July 29, 2019 at 9:02 pm #189099RubyChardParticipant
Anyone prepared to move the feminism debate onto the forum, would like to join in, was not able to stay on sp-open because I’m no longer a member. I can view all your posts on there, it’s a shame I can’t reply.
CheersJuly 29, 2019 at 9:22 pm #189101
This is what our A-Z of Marxism has under F.
Feminism. Feminist theories of womens’ oppression and inequality have been developed largely within the liberal tradition of political philosophy. Demands have usually been formulated on the basis of moral arguments relating to legal rights and justice, and ignoring the economic conditions that render such claims meaningless within the context of capitalism. ‘Socialist’ feminists, while recognising the importance of class, have become bogged down in reformism; in effect their demand is to be wage slaves equally with men. ‘Radical’ feminists attack patriarchy, not class, as the source of women’s oppression.
While it is undeniable that most women experience certain forms of oppression and discrimination as a result of their gender, to suffer from sexism at all it is usually necessary to be a member of the working class; it is not normally a problem for female members of the capitalist class. The socialist movement, being based on a class analysis of capitalism, provides a motivation for women’s liberation since socialism can only be achieved with the majority support of women and of men. (See also REFORMISM; SEXISM.)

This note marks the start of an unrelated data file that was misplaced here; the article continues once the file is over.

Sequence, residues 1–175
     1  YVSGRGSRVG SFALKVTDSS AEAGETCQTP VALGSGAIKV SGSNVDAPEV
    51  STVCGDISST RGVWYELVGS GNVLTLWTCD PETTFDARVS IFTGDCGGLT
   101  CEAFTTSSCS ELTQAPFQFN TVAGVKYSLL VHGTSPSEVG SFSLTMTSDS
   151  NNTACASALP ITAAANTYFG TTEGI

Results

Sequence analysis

Vincent, A., Modern Political Ideologies, 1992July 29, 2019 at 9:30 pm #189102
This thoughtful piece mainly on taboos does make some further comment of interest to the subject of feminism thus,
There exists, of course, a counter current to the use of taboos for control and that is exemplified in the struggle for personal and therefore sexual liberation. The politicisation of sexuality (spearheaded by feminism) can be understood as the reflection or antithesis of the sexualisation of politics (implicit within authoritarianism in terms of dominant and submissive psychology). Socialists have always supported the liberation from any kind of political and/or personal oppression. Our belief in the potential of our species to create a better world implies both a political and moral historical progression. Unfortunately this demand for liberation is at the moment mainly articulated in terms of individual, gender or racial identities rather than that of class and thus of humanity itself. In some ways this sort of ‘identity politics’ is a kind of consumerism with the perceived right to ownership of the self at its heart – rather than a recognition that the ultimate liberation of the self depends on the liberation of all. (My emphasis)
July 29, 2019 at 9:37 pm #189103
Another article from a comrade Nicky Snell in 1993,
The Problem of Sexism
Before I was a socialist, I was a feminist. As for many women, the discrimination in favour of men was the most obvious and immediate. I gradually came to realize that this fitted into a far larger picture of racism, class oppression, ecological destruction. “third world” poverty, torture, starvation, colonialism, etc… More here >July 29, 2019 at 10:56 pm #189105robbo203Participant
Interesting article from Nicky Snell, Matt (what became of her BTW Is she still a member?) This bit I find a bit iffy, though
I became disenchanted with the feminism which holds patriarchy to be the world’s primary problem, because I did not like the logical conclusion to which this kind of thinking would lead. If men are simply women’s worst enemies, what should we women do? Shoot men down in the street? Or simply withdraw’?